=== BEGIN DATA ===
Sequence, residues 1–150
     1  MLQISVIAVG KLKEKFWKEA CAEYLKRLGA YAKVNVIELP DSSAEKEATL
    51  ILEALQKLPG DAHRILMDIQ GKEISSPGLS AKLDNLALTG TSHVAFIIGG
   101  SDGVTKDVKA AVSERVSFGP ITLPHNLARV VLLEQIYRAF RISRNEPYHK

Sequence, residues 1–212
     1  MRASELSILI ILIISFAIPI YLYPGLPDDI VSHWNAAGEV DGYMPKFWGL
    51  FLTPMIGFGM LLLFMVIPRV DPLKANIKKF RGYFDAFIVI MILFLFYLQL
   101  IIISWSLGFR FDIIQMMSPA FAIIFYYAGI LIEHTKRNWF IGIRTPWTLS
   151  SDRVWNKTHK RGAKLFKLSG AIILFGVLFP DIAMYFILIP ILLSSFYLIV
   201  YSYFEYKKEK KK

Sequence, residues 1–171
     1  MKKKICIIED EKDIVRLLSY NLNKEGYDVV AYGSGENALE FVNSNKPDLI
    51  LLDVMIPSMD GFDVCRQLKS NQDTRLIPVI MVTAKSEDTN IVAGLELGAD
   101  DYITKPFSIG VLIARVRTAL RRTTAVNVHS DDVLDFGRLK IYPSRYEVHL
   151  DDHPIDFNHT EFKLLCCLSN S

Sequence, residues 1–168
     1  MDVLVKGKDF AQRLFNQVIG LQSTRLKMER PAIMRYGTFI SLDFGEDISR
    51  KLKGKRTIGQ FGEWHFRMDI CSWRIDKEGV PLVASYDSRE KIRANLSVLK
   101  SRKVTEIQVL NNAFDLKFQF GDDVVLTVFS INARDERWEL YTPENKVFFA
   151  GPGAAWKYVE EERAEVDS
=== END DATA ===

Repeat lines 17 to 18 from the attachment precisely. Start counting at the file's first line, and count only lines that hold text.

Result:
     1  MDVLVKGKDF AQRLFNQVIG LQSTRLKMER PAIMRYGTFI SLDFGEDISR
    51  KLKGKRTIGQ FGEWHFRMDI CSWRIDKEGV PLVASYDSRE KIRANLSVLK